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Rupee at weakest in over 18 months on high oil prices

Rupee at weakest in over 18 months on high oil prices
Highlights

Indian rupee slipped to its weakest in more than 18 months on Wednesday, hit by higher oil prices and trade war concerns that could spark another bout of capital outflows for Asia\'s third-largest economy.The rupee fell to 68.68 to the dollar on Wednesday, its lowest since November 29, 2016, making it a 0.62 per cent decline so far in the day from its previous close of 68.25.

MUMBAI: Indian rupee slipped to its weakest in more than 18 months on Wednesday, hit by higher oil prices and trade war concerns that could spark another bout of capital outflows for Asia's third-largest economy.The rupee fell to 68.68 to the dollar on Wednesday, its lowest since November 29, 2016, making it a 0.62 per cent decline so far in the day from its previous close of 68.25.

HIGHLIGHTS

  • The rupee fell to 68.68 to the dollar on Wednesday, its lowest since November 29, 2016
  • The RBI was suspected to have sold dollars mildly in the forex market earlier in the day, traders said

High oil prices will stoke inflation and widen the country's current account deficit, adding to more selling pressure on the fragile rupee that risks destabilising the broader economy. India imports more than two-thirds of its crude requirements.Brent crude was up 30 cents a barrel at $76.61 by 0800 GMT (1:30 pm). US light crude was 25 cents higher at $70.78.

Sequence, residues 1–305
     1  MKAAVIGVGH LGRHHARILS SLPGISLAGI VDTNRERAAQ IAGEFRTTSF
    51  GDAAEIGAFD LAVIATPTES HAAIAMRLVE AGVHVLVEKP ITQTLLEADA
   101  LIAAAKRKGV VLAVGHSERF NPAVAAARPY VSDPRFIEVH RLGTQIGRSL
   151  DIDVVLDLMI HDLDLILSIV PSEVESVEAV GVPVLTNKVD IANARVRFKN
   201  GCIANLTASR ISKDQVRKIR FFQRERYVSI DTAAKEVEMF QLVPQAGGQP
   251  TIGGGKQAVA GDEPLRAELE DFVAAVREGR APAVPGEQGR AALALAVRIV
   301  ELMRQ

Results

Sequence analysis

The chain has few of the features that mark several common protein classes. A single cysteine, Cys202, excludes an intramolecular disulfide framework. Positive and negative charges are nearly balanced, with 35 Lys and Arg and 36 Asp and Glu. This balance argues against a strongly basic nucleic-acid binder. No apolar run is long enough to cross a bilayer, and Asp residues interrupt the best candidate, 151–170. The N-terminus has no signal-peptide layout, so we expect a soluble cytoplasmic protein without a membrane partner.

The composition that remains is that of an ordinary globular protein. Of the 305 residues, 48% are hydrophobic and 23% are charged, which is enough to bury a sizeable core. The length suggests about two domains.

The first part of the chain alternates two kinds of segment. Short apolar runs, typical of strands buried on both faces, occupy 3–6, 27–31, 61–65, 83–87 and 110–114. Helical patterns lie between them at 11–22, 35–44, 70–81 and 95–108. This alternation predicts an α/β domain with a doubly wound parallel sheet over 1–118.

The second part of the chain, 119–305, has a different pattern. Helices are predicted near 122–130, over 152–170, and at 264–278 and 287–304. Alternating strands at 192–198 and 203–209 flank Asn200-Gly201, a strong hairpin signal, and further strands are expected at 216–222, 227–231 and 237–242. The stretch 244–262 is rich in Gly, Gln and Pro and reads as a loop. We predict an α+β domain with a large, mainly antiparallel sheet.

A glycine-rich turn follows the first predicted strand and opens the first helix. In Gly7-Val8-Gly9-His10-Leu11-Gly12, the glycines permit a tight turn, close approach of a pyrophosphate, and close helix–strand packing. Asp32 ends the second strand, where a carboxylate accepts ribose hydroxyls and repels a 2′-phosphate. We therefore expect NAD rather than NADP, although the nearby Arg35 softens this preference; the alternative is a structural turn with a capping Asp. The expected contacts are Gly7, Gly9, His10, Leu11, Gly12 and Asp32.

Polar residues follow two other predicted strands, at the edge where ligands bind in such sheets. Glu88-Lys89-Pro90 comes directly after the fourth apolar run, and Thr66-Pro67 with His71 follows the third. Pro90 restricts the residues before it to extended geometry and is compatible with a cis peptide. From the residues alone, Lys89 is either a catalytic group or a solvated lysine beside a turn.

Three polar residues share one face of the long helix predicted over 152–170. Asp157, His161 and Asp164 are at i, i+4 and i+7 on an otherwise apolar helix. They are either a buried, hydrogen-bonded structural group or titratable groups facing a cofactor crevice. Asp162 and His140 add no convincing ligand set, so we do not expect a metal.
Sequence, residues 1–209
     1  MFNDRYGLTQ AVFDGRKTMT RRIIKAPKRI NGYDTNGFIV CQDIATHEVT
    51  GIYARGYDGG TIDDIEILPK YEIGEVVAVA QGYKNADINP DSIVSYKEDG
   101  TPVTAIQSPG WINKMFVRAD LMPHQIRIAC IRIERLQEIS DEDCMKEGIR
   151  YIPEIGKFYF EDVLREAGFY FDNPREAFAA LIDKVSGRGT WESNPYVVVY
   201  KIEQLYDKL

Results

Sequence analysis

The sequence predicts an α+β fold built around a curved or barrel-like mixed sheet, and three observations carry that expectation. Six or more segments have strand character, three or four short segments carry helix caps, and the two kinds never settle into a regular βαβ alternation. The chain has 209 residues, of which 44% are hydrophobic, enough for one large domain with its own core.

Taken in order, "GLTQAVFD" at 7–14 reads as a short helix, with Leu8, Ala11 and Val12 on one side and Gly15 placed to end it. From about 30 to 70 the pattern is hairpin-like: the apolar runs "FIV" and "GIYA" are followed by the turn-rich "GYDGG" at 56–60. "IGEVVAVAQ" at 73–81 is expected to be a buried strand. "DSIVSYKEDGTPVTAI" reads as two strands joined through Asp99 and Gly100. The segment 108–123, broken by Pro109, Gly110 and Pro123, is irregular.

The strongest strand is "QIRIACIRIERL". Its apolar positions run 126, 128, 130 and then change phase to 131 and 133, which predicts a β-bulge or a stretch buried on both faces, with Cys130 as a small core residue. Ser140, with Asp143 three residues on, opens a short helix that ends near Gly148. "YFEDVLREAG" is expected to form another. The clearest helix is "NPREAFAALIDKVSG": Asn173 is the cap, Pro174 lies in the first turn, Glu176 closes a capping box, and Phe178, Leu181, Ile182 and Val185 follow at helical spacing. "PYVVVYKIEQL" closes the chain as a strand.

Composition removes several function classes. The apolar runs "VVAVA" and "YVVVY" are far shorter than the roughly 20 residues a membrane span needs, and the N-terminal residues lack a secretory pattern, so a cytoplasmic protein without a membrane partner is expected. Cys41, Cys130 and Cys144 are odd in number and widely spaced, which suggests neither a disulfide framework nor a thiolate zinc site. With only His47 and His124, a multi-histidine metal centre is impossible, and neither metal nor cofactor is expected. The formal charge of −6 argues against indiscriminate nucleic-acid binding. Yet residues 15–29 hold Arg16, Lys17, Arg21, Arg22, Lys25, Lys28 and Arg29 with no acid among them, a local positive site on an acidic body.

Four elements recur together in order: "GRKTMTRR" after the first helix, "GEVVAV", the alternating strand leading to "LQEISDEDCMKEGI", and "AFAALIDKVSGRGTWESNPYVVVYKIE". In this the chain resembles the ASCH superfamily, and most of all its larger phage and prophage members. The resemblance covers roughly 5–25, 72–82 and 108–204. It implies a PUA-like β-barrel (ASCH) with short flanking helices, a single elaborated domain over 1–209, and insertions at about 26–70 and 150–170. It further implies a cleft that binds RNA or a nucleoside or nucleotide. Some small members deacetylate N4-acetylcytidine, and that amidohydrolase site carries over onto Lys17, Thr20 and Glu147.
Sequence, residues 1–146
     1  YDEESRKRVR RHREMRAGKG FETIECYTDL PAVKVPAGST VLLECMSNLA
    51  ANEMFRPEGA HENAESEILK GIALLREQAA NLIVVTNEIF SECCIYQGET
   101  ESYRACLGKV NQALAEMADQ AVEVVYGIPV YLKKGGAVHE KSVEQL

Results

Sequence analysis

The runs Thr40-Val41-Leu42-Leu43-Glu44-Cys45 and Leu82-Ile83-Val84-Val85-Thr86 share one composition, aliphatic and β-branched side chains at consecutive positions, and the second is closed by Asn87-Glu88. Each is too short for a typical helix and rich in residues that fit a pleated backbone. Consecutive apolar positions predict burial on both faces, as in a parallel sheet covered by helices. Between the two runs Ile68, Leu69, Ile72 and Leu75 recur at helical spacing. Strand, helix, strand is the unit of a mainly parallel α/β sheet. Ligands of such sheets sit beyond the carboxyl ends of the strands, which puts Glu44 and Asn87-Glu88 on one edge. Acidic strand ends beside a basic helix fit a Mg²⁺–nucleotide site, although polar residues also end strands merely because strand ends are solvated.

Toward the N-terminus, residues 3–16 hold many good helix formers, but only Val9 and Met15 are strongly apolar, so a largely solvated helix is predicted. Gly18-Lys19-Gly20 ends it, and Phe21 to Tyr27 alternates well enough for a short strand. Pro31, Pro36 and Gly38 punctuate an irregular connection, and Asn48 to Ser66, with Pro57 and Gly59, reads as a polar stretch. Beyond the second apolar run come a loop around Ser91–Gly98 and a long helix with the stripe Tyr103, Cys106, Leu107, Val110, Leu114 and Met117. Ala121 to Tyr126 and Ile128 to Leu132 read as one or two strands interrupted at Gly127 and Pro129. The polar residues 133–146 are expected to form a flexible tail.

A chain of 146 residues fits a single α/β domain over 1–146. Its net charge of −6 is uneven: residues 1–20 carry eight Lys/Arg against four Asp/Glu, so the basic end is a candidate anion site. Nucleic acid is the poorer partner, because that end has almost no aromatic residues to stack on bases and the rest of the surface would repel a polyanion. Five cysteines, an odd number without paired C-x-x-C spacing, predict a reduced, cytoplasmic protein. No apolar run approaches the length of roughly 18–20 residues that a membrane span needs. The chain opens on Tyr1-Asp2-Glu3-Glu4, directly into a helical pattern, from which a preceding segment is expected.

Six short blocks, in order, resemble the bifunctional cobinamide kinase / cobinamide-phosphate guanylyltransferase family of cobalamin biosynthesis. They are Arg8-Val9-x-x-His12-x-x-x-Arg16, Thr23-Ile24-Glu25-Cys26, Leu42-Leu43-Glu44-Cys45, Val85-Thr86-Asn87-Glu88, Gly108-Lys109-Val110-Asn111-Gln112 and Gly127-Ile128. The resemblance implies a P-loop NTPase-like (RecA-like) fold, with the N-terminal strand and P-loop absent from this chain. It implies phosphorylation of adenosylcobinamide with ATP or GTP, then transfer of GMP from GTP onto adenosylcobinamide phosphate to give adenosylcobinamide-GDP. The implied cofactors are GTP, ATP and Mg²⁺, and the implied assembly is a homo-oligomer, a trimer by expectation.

"If the rupee continues to depreciate, it could trigger dollar outflows from the equity market, which can put pressure on the currency, current account deficit and could even push the balance of payments to a deficit," said Sajal Gupta, head of forex and rates at Edelweiss Securities.
Traders said 69 per dollar was a critical level and beyond that the rupee could depreciate faster unless the Reserve Bank of India (RBI) intervened aggressively.

The RBI was suspected to have sold dollars mildly in the forex market earlier in the day, traders said.The rupee has fallen by nearly 7 per cent so far this year - the worst performer among regional currencies - as dependence on oil imports has exposed the economy to risks of higher crude prices.That has prompted a massive sell-off by foreign bond investors. But even the equity market, which had been holding up until now, is seeing net flows turning negative. So far in 2018, net outflows from bonds and shares stood at $6.6 billion.

"Apart from oil, the rupee is also correcting after appreciating at a fast pace last year. But what remains to be seen is the RBI's tolerance band in terms of volatility," said a dealer at a foreign bank.

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